Geoff Ramsey, the co-founder and CEO of eMarketer, recently shared 0.001% of the information that his team of researchers and analysts knows about Internet market trends during his morning keynote at Electronic Retailer's LiveEdit Lab.
Why can I be so precise?
He presented 60 slides out of the 54,000 charts available to eMarketer's subscribers. You do the math.
Now, I'm not going to try recapping all 60 of his slides here.
Instead, I'm going to highlight three key market trends that Ramsey touched on. Plus, I'll pass along his analysis of how each of these new trends is profoundly affecting the business landscape.
The first market trend that is worth highlighting is the percentage of Internet users who are watching video online monthly.
According to eMarketer, it's 73% – or 137 million Americans. And by the end of the year, eMarketer estimates that 154 million, or 80% of Internet users, will be watching online video.
About a year ago, I reported on a survey conducted by PR News and Medialink which found that “PR pros aren't using online video as often as they're watching it.”
Well, they better start using it now. Online video isn't an emerging market trend. It's already emerged – big time!
Ramsey said, “Online video is a great way to engage with your customers.” And he recommended:
• Placing video footage of your products on your Web site (e.g., create a video demo!);
• Placing video ads on other content video sites, e.g., on YouTube and product category-related sites; and
• Creating your own Webisodes – content so entertaining that people will come to watch it (and share it with others).
The second market trend that deserves serious attention is the percentage of large companies that already have a blog. According to JupiterResearch, it's 34%.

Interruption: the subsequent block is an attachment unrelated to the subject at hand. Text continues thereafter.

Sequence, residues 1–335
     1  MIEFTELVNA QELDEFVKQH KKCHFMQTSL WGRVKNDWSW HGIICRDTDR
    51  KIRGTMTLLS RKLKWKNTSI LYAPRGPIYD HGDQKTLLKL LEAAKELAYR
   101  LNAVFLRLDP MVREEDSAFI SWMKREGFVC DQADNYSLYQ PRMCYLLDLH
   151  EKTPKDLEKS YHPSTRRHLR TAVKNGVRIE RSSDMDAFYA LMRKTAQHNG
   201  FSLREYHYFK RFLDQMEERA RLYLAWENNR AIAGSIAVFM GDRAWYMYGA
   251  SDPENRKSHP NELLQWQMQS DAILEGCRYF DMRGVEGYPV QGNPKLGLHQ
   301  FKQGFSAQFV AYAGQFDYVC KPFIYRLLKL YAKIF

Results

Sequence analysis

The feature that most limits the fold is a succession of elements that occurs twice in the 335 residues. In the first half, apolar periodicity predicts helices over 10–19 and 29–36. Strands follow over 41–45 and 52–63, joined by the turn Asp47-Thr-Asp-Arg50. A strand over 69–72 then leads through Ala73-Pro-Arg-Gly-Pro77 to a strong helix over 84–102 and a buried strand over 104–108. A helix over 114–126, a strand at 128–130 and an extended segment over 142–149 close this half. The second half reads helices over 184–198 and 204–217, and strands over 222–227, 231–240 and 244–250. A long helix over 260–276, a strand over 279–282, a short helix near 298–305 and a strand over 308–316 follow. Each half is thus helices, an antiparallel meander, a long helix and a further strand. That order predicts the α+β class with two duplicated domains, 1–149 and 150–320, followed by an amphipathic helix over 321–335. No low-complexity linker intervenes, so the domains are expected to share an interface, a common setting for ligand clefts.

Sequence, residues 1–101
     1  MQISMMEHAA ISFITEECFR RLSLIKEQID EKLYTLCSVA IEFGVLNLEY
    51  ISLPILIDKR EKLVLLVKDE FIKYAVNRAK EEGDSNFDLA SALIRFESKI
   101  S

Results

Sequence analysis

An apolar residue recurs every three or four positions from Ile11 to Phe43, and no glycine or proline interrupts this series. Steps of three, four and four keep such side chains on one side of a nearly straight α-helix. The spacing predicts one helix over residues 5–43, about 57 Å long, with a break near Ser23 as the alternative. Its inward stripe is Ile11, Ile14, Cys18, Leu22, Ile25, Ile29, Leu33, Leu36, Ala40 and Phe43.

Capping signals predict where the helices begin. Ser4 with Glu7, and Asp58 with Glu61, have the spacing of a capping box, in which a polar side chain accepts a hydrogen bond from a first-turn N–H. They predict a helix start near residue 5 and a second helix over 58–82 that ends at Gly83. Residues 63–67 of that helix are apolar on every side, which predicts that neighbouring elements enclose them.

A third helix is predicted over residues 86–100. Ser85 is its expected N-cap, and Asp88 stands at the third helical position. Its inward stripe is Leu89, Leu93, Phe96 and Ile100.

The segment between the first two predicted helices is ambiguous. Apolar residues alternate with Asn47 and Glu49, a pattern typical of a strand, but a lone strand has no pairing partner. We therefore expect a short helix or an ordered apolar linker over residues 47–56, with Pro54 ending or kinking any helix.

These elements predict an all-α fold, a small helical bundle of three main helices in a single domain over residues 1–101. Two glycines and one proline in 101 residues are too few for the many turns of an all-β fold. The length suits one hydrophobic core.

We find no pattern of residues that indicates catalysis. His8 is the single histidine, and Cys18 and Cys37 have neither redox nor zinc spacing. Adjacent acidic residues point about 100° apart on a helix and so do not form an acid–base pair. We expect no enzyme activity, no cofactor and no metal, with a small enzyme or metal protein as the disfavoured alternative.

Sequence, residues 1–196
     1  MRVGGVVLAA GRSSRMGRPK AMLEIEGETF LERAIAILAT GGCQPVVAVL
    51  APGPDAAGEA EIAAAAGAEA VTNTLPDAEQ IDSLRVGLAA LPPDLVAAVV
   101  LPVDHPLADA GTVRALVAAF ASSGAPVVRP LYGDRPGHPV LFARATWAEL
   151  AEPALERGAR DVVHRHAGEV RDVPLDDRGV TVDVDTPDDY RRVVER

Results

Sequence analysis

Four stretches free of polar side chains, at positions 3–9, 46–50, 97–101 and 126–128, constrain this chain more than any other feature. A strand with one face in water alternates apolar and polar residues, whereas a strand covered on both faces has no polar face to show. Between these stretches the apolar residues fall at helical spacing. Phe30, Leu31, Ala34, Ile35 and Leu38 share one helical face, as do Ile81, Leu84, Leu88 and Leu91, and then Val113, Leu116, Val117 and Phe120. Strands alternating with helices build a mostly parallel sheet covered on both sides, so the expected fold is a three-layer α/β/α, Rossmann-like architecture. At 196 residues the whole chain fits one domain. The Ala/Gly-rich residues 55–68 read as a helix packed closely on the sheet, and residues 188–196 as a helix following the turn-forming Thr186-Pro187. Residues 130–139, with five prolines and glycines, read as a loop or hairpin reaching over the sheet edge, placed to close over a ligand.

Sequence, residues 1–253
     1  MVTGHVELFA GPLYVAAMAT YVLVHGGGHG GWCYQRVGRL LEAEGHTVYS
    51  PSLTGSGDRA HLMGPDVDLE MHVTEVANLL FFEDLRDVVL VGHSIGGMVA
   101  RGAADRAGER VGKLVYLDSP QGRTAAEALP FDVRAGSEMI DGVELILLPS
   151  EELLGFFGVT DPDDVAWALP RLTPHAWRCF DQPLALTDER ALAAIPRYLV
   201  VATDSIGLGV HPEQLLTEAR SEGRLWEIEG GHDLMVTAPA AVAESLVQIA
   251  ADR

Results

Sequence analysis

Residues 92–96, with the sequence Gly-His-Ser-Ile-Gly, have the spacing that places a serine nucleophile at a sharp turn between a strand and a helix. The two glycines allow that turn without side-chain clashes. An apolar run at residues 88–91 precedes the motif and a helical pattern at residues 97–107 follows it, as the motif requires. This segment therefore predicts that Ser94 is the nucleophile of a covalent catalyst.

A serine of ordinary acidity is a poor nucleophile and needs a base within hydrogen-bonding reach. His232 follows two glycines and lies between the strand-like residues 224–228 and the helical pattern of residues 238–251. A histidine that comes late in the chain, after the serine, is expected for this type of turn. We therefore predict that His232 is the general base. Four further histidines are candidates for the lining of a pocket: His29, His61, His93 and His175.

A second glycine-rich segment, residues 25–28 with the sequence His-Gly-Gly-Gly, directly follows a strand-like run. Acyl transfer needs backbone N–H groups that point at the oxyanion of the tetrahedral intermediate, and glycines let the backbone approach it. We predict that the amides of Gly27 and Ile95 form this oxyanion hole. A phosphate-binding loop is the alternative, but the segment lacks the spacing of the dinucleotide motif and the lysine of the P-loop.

Last August, at Search Engine Strategies San Jose, I caused a stir in the blogosphere when I said, “Getting excited that you've got a blog is like getting excited that “the new phone book's here!'”
Now, less than a year later, it appears that if your company doesn't have a blog already, it's going to feel even more like Steve Martin in “The Jerk.”
Ramsey said, “Advertisers should explore creative ways to leverage the power of blogs.” And he advised:
• Monitoring the blogosphere not only with professional services, but also on your own;
• Working with existing relevant bloggers, in ways that will encourage them to link to your site;
• Placing advertising on popular blogs; and
• Creating your own blogs -- to create a community of interest around your product.
While the third market trend didn't surprise me, it may come as a shock to some others in the industry.
A survey by AdMedia Partners found that 69% of senior media execs think social media is “over-hyped.” (I should disclose that AdMedia Partners is a client.)
And Hitwise has validated this skepticism by reporting that only 4% of US online retail traffic is driven by social sites, which is significantly less than the 29% of online retail traffic that is driven by search engines.
So, what's a marketer to do? Ramsey outlined four strategies for gaining consumer insights into social networking:
• Looking, listening, lounging and learning;
• Advertising on the big social networking portals, e.g., MySpace and Bebo;
• Getting vertical with your social advertising on smaller, niche sites like Flip.com; and
• Building your own social network, e.g., Procter & Gamble's Capessa community site.
Now, six slides out of 60 are only 10% of Ransey's presentation. And that's just 0.0001% of the information that eMarketer knows about Internet market trends.
So, you may want to dig deeper. Nobody wants to be the last one on the block to spot key market trends.
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